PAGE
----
January crafts for kids: Easy and fun winter crafts to keep little ones busy indoors
January is the perfect time to stay indoors, unwind from the hustle and bustle of the past holiday season, and make some super cute winter craft projects with your kid. January crafts for kids are a nice change from the Christmas crafts that dominated December, because there is still a lot left of winter after the holidays. Which idea will you do first?
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- Creative January crafts for kids and winter project ideas
Creative January crafts for kids and winter project ideas
Indoor activities that keep the little ones busy and having fun are often hard to find in winter, but don’t worry! These craft ideas are perfect for the weekend or snowy afternoons at home.
Marshmallow Snowflake – a delicious addition to the hot chocolate
This fun and engaging activity is great for young children who can design their own snowflakes to help develop their fine motor skills. For added fun, you can find some pictures of real snowflakes and ask the kids to copy the designs.
- Jumbo marshmallows
- Mini marshmallows
- Start by sticking 2 mini marshmallows onto each of the 8 toothpicks, leaving a space between them.
- Next, insert toothpicks into the sides of a jumbo marshmallow.
- Repeat the process for as many marshmallow snowflakes as you want to make.
January crafts for kids – How to make paper cup penguins
These paper cup penguins are so cute and fun to play with or use in a little puppet show and storytelling.
- 1 black paper cup
- 2 googly eyes
- Black, white and orange paper
How to craft the penguin:
- Cut out 2 orange feet and 1 orange beak from the paper.
- Trace the opening of the cup on the white paper and cut out the perfectly shaped penguin belly.
- Also trace the oval bottom of the glue bottle to create the wings.
- Glue the googly eyes, the wings, the beak, the feet and the belly onto the paper cup.
Winter crafts: DIY Olaf from cardboard rolls
Probably you have not only seen the movie Frozen, but you’ve played it over and over again on DVD. And you probably know the cute Olaf!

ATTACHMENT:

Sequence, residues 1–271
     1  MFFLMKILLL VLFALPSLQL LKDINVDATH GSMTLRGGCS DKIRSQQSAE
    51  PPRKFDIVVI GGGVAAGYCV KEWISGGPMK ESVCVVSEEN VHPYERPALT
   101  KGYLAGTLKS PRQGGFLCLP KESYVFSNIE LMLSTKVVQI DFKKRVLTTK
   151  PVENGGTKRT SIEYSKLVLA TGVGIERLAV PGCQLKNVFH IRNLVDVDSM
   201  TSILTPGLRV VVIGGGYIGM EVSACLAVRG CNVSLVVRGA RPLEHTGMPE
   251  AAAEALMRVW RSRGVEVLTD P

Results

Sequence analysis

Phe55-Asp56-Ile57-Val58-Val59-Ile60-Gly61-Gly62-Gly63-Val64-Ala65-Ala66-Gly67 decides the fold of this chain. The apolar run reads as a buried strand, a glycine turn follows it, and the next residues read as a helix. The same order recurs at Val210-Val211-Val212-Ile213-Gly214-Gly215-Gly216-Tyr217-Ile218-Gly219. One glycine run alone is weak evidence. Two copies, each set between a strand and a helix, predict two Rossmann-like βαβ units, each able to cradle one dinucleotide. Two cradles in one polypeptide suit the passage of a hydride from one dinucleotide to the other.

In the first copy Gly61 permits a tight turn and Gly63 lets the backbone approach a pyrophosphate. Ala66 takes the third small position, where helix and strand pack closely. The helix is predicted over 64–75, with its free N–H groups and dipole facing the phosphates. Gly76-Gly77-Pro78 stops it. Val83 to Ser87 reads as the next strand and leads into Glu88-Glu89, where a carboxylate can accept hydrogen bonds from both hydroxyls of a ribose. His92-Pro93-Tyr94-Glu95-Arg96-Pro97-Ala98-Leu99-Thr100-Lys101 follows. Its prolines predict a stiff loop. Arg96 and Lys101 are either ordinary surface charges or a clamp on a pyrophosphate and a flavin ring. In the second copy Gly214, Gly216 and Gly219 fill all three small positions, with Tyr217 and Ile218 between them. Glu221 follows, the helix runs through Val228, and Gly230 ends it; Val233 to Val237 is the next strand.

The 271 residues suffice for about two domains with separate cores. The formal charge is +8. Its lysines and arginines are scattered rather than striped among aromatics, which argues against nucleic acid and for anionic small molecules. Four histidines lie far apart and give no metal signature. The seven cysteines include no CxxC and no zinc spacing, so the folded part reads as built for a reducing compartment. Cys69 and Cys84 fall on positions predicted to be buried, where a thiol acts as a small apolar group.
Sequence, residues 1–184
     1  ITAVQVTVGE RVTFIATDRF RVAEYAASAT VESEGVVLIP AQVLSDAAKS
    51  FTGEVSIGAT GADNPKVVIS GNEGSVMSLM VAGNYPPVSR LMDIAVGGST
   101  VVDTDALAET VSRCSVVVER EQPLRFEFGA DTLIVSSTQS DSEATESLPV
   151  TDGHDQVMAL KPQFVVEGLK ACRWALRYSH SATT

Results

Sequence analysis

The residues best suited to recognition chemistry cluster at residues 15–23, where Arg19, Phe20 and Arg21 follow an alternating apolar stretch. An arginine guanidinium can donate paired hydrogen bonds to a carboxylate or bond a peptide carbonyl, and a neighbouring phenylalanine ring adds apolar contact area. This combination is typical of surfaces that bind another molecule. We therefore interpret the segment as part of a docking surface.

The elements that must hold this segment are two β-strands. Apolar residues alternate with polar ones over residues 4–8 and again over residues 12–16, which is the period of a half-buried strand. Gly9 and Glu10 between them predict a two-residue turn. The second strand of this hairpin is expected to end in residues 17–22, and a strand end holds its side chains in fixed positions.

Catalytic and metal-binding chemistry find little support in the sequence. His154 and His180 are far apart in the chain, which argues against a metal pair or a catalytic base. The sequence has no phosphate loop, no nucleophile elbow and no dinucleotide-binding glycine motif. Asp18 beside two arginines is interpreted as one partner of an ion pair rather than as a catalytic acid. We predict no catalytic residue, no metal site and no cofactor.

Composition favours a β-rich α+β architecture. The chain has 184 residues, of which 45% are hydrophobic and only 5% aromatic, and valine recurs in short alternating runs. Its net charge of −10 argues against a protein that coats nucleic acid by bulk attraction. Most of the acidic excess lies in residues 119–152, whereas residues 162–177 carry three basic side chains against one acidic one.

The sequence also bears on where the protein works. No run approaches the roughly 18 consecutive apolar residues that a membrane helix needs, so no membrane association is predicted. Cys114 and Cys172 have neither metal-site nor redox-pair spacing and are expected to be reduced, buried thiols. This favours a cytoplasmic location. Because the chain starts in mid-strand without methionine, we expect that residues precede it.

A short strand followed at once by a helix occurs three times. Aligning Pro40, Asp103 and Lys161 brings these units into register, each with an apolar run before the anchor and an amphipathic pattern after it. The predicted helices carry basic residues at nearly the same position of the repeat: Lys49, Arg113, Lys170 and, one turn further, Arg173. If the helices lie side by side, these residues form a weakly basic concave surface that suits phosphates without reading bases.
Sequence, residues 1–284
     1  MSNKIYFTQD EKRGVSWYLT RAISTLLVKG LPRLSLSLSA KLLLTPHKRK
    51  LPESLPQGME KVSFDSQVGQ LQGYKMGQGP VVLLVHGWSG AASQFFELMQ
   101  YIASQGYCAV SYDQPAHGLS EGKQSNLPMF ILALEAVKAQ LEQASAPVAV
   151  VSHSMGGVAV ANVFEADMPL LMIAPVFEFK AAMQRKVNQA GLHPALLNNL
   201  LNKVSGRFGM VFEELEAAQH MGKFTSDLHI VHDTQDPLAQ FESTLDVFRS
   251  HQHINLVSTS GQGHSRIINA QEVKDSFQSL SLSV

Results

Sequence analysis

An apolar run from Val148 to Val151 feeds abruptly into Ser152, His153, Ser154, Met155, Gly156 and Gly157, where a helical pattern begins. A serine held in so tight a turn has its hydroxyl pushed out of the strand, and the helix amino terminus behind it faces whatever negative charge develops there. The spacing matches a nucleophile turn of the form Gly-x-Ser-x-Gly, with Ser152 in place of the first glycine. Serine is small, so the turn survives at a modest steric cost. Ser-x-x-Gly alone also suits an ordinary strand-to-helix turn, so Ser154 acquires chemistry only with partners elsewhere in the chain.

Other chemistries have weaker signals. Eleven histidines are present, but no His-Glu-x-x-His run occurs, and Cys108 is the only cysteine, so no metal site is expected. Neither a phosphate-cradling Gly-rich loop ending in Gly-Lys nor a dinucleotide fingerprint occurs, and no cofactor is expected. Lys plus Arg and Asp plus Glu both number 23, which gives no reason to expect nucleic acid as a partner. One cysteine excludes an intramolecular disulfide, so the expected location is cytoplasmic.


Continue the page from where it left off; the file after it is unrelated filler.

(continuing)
- cardboard tube
- White paper
- Black pompons
- Orange pompom
- 2 googly eyes
- Fine black felt-tip pen
- 2 twigs for the arms
- 3 small twings or leaf stems for hair
- Glue, scissors, pin, toothpick
- Cover the cardboard tube with white paper.
- Cut 2 circles from the remaining white paper and glue them to the bottom of the tube as Olaf’s feet.
- Glue 3 black pom poms to the front of the cardboard tube.
- Roll the orange pom pom between your palms to flatten it out a bit and glue it to the front for a nose, and the googly eyes above it.
- Draw the eyebrows, smile and tooth with a black pen.
- The easiest way to poke a hole in the side of the cardboard tube (for the arms) is to first poke a pin through, then remove it and insert a toothpick into the hole to enlarge it. Now you can put the twigs through the hole.
- Glue the small twigs or leaf stems inside the top-front of the tube.
January crafts for kids – DIY winter rock paintings
Show off your artistic skills and invite your little ones to create this adorable winter rock painting.
- Rocks (collect or buy some)
- pencil with eraser
- Acrylic paint pens or acrylic paint
- Paint brush
Design your rock painting:
- First clean the rocks you will be using. Remove any dirt and debris by washing with water, soap and a brush. If you have dark colored rocks, you can paint them white before you start designing.
- Once the stones are clean and dry, use a pencil to draw your designs, then carefully color in the areas with acrylic paint or pens. Acrylic paint is better for larger areas and acrylic pencils are easier to use for the more detailed areas. Wait for each color to dry before using the next color so they don’t mix.
- Trace the outlines with a marker or acrylic pen to highlight your design. Finish your painted rocks by using a sealer to make them last longer and allow them to be used outdoors.
Pom Pom Stamped Snowy Owl Painting
While you are making this beautiful winter picture with the kids, you can also tell them about the Arctic animals that live in the colder climates.
- Large pompom
- White acrylic paint
- Black, brown, green, yellow and orange paper
- glue stick
- Small bowl or paper plate for the paint
- Pour a generous amount of white paint into a small bowl.
- Attach the black paper to a flat surface or workspace.
- Dip a large pompom in the paint and dab three small owl from of a brown paper bag. Join two or more pieces together if your torn paper is too small. Crumple the paper by rolling it between your palms to add texture. Glue the brown paper with a glue stick in the shape of a tree branch. Make sure there is a branch just below the owls. Encourage the children to create their own designs.
- Cut out eyes, beaks, claws and leaves from the paper. Add more details like the veins on the leaves and the irises with markers.